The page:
It’s not a stringed instrument, a percussion instrument or the musical choice of virtually any “American Idol” contestant. Nonetheless, the conch shell takes center stage in Key West’s music scene each spring, when several dozen hopefuls vie for victory in the annual Conch Shell Blowing Contest.
Fans of the fluted, pink-lined shell displayed their pucker power Saturday, March 7, during the 2020 contest.
But none did it better than Canadian Alliszon Zaichkowski of Victoria, British Columbia, who earned the women’s division crown.
A French horn player for the Royal Canadian Navy, Alliszon impressed the judges by playing excerpts from three melodies: composer Igor Stravinsky’s “The Firebird,” Queen’s iconic “Bohemian Rhapsody” and — in salute to her homeland — “After the Gold Rush” by Canadian rocker Neil Young.
Alliszon, who traveled to Key West specifically to compete in the contest, originally began playing the conch shell because it is “the ancestor of the French horn.”
She quickly became so passionate about the quirky “instrument” that she now has a collection of some 20 shells.
“I got one shell and I couldn’t believe the sound that came out of it, and then I just got more shells,” she said. “And before I knew it, everyone I knew was saving shells for me.”
About five years ago, she took her favorite to a tattoo artist and got a colorful life-size replica of it inked on her arm.
“I like to think of the conch shell as my travel horn, because I can’t bring my French horn everywhere — and you also don’t want to be playing a French horn at the beach,” Alliszon explained. “So I always just take my conch shell with me and that’s what I play at the beach.”
“It’s more my vacation instrument,” she added.
The tradition of blowing a conch shell in the Florida Keys began centuries ago. In the 1800s, when the local economy was largely based on salvaging shipwreck cargoes, sailors attracted attention by blowing piercing blasts on the shell.
Contest entrants included men, women, kids and groups, with winners chosen for the quality, duration, loudness and novelty of the sounds they produced.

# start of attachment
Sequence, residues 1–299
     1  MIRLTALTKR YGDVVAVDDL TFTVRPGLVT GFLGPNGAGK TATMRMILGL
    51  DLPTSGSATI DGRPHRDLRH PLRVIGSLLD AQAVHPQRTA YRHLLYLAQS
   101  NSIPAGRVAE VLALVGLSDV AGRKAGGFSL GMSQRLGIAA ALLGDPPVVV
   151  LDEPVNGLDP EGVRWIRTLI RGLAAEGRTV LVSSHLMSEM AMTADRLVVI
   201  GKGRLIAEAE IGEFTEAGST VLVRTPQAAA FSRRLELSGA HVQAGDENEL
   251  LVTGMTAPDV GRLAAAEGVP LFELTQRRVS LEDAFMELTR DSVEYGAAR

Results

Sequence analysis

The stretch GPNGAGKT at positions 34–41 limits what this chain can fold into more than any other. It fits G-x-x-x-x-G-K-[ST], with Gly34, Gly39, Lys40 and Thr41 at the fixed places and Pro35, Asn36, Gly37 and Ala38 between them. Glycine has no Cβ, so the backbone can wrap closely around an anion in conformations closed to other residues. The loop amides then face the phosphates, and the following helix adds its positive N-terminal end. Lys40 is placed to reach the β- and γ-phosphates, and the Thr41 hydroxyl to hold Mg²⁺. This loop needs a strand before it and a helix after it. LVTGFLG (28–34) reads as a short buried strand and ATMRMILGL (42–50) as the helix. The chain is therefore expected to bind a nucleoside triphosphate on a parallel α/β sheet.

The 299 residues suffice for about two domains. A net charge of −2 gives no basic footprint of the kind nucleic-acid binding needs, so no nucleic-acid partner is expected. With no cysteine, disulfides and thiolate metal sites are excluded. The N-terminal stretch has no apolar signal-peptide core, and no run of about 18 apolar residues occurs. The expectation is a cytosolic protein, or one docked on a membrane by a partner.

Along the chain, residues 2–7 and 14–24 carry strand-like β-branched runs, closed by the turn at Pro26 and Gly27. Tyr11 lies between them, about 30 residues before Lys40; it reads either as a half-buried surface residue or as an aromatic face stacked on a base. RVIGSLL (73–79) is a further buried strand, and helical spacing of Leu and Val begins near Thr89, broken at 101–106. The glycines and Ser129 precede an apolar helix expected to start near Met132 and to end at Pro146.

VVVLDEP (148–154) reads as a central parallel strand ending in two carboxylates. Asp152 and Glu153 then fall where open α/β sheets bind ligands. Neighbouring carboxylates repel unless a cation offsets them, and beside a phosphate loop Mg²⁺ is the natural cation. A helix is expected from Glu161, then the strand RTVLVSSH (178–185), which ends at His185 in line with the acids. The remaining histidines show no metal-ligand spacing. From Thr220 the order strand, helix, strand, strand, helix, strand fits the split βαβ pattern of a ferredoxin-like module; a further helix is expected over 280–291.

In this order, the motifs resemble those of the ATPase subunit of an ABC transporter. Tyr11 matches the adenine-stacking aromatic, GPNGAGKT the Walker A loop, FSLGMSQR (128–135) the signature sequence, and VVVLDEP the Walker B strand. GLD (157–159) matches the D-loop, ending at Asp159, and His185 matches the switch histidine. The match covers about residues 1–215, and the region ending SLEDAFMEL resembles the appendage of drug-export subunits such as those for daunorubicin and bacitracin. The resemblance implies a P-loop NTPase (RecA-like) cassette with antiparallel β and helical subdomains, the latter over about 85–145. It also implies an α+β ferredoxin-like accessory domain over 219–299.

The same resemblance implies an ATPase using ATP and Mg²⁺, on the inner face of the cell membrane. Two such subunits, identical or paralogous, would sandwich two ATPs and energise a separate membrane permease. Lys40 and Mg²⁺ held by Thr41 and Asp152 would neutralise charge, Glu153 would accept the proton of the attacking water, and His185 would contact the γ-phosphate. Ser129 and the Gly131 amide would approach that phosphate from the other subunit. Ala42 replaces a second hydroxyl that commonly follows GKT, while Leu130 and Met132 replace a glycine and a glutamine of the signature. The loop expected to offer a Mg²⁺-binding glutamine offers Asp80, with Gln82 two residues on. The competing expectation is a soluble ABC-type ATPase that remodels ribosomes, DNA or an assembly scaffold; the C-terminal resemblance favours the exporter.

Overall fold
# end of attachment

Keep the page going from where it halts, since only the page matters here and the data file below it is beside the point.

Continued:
What advice would Alliszon give aspiring conch shell musicians?
“Try to make a really good sound — the sound is what sells. That’s what my first horn teacher told me,” she advised. “Make sure you’ve got a really good sound, and then just use your hand and bend the pitch around.”
The 2020 men’s division winner was “Cousin” Vinnie Marturano of Big Pine in the Lower Florida Keys, who blew an excerpt from composer Aram Khachaturian’s “Sabre Dance” — embellishing it with offbeat, high-pitched squeals that would likely leave the composer wincing in creative anguish.
Other entrants included Mary Lou and Rick Race from Florida’s Panama City Beach.
Mary Lou won the women’s division in 2018, AND received a surprise marriage proposal during the event from fellow competitor Rick, her boyfriend of 2-1/2 years.
At this year’s contest, the happy couple competed and also displayed a scrapbook of clippings and photos.
One of their wedding photos, naturally, featured the two of them playing a joyous duet on their conch shells.
Nicknamed the “Conch Honk” for obvious reasons, the wacky competition was presented (as always) by the Old Island Restoration Foundation.
This very worthy nonprofit organization was founded in 1960 and is dedicated to preserving Key West’s fascinating architectural and cultural heritage.